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Resurgence of AMMA

Updated: May 23, 2015 5:43 pm

The acquittal of AIADMK supremo Jayalalithaa by the High Court of Karnataka is yet another thriller from the judiciary. There is mixed opinions on the judgment. Many maintains that the acquittal has sent out the clear message that the high and mighty are above the law and they can get away with anything. If many have expressed surprise and disappointment, there are an equal number, especially from Tamil Nadu, who have welcomed the judgment. However, what the Special Public Prosecutor B.V. Acharya has said over the verdict is worth mentioning. The proceedings before the Karnataka High Court hearing Jayalalithaa’s appeal turned out to be a “one-sided affair” as the prosecuting state, Karnataka, was neither a party nor was it heard, said Special Public Prosecutor. He further said that the entire appeal proceedings were conducted without making Karnataka State a party, though it was a necessary legal requirement, and added that counsels for the accused were allowed to make oral arguments for nearly two months, but no prosecutor authorised by Karnataka was present during such arguments. This despite the fact that the Supreme Court asked the HC Judge to be vigilant about the “corroding effect of corruption” and the “gravity of the offence” and suggested him to make a “complete and comprehensive evaluation and appreciation of the evidence in its entirety before rendering his judgment” and advised him to “dispassionately render a judgment which is objectively and resolutely expressed”. Furthermore, a day after the verdict, the DMK lawyers have found a huge error in the arithmetical calculations done by Karnataka High Court Justice Kumaraswamy. They have detailed the media that while taking the loans as lawful income of the accused, the total figure was wrongly shown as Rs. 24,17,31,274 while the actual figure was Rs.10,67,31,274, which is less by Rs. 13,50,00,000 . So, at the end of the calculations when the total income is subtracted from the total assets, the disproportionate income comes to Rs.16,32,36,812, which is actually 76.75 per cent, much above the so-called permissible limit of 10 per cent.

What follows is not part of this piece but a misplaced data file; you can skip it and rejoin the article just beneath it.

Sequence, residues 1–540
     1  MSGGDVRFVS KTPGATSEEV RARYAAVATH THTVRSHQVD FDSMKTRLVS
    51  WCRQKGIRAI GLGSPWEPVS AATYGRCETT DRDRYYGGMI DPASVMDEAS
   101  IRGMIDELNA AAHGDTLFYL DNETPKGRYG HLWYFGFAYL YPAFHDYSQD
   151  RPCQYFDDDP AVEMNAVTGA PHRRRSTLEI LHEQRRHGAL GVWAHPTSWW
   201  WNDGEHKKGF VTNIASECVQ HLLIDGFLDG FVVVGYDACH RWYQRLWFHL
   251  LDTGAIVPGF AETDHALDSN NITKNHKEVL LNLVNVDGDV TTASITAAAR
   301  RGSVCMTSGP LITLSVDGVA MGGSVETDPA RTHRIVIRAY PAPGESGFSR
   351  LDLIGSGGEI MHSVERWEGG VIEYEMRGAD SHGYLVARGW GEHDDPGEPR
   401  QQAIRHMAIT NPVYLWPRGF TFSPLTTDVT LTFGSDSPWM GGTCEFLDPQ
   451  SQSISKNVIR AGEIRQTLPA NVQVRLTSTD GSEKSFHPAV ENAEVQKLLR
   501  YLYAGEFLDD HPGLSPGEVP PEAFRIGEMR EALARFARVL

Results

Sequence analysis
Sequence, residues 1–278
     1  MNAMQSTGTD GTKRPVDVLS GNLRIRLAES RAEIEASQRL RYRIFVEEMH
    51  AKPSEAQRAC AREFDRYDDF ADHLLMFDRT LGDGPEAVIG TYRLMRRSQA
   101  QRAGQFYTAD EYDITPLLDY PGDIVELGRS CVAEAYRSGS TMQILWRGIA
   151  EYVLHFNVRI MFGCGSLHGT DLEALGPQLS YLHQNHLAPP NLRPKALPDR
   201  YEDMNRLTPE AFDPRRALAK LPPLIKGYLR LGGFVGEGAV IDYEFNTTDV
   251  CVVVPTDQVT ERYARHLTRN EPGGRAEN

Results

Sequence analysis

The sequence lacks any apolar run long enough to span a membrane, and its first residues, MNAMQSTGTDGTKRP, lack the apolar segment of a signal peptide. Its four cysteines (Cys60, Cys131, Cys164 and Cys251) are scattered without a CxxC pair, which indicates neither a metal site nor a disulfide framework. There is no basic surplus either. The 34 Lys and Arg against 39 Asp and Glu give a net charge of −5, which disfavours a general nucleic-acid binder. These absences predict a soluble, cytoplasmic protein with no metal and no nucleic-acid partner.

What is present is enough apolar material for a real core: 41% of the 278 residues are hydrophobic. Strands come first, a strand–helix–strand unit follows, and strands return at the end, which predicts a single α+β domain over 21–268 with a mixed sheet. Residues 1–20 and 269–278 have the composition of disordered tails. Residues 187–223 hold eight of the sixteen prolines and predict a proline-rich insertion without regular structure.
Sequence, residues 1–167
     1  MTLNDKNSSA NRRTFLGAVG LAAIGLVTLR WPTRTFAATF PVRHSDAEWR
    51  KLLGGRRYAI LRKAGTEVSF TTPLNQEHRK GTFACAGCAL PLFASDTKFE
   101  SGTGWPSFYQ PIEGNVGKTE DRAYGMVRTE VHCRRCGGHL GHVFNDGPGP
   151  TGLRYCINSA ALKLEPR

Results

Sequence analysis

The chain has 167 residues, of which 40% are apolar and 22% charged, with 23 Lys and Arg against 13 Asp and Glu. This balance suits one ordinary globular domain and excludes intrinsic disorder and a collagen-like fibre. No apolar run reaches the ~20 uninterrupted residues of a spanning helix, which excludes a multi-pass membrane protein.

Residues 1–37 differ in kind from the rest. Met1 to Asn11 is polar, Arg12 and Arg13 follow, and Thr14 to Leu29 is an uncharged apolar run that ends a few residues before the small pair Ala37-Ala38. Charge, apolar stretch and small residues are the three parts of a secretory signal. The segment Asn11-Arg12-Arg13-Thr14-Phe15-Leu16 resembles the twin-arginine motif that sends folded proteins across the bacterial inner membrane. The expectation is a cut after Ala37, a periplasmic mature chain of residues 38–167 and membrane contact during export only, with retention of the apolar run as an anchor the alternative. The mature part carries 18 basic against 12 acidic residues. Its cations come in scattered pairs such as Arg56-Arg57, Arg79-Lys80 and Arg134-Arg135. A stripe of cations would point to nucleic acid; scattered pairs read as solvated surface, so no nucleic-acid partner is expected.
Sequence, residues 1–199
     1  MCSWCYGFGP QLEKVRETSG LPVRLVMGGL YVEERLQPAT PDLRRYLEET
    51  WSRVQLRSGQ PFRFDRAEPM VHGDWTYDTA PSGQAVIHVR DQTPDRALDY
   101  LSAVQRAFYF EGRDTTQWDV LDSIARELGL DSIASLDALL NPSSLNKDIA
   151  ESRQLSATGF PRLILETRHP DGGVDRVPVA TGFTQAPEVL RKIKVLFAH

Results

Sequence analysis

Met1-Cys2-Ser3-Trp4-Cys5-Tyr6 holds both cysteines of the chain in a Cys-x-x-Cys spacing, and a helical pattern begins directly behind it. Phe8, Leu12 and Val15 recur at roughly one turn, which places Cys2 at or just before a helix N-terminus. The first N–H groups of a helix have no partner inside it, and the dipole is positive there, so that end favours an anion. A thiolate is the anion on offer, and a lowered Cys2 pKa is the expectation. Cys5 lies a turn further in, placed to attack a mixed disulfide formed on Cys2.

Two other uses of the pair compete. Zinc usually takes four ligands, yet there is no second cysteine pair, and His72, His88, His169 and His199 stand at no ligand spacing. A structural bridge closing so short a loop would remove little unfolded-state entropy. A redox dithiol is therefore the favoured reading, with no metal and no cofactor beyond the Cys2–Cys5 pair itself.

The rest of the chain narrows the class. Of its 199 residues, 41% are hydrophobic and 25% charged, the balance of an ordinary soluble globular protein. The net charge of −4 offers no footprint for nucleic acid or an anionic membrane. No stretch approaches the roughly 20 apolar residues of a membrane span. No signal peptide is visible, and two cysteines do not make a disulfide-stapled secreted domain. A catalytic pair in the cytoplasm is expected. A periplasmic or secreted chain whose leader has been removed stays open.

Against this backdrop, it cannot be gainsaid that an enormous amount of time and an equally enormous amount of public resources seem to have been spent on nothing. The details of the judgment need to be studied to see what ingenious technicality was found to hold that the charges cannot be sustained. The first reaction has certainly been one of wonder. In the end, rather than a belief in the triumph of justice, a belief in miracles will be strengthened, now that all the poojas and yajnas have borne fruit. In this perspective, however, it remains a mystery as to why bail continues to elude Sadhvi Pragya even though the prosecution has completely failed to make a case that it can even present to the court. It is noteworthy that Sadhvi Pragya is an under-trial; no court of the land has found her guilty of any charge yet. The previous UPA regime was committed to keeping her in jail after raising the bogey of “saffron terror”. They did this by imposing MCOCA, just to deny her bail. So, let the trial be speedy and fast, she should be convicted and sentenced, if found guilty. But as terrorist charges against her become increasingly surreal, the possibility of their being substantiated in a court of law also appears to be more remote.

Coming back to Jayalalithaa, apart from the legal green signal for her to become the Chief Minister again, it is certain that Jayalalithaa’s popularity will peak as people will view this most certainly as a “ conspiracy” by her rivals to keep her out of power. It won’t be surprising if the shrewd politician in Jayalalithaa now opts for early Assembly elections after assuming power. The Opposition with or without cobbling together an alliance has virtually no chance of standing in her way now. After the verdict, one hopes that it will put an end to the culture of politically motivated cases in politics. The people are not unduly perturbed by corruption in public life as it is said to be a way of life in politics. All that the people want is a caring leader who can ensure good governance to alleviate poverty. During Jayalalithaa’s years of stewardship of the state, she has proved beyond doubt that she is an astute leader who can overcome hurdles and outmanoeuvre foes. However, the legal battle is still far from over as it is inconceivable that the verdict will go unchallenged. Even if Jayalalithaa is back as Chief Minister, she cannot fully concentrate on administration if she has to fight the final legal battle in the Supreme Court.

Deepak Kumar Rath

By : Deepak Kumar Rath

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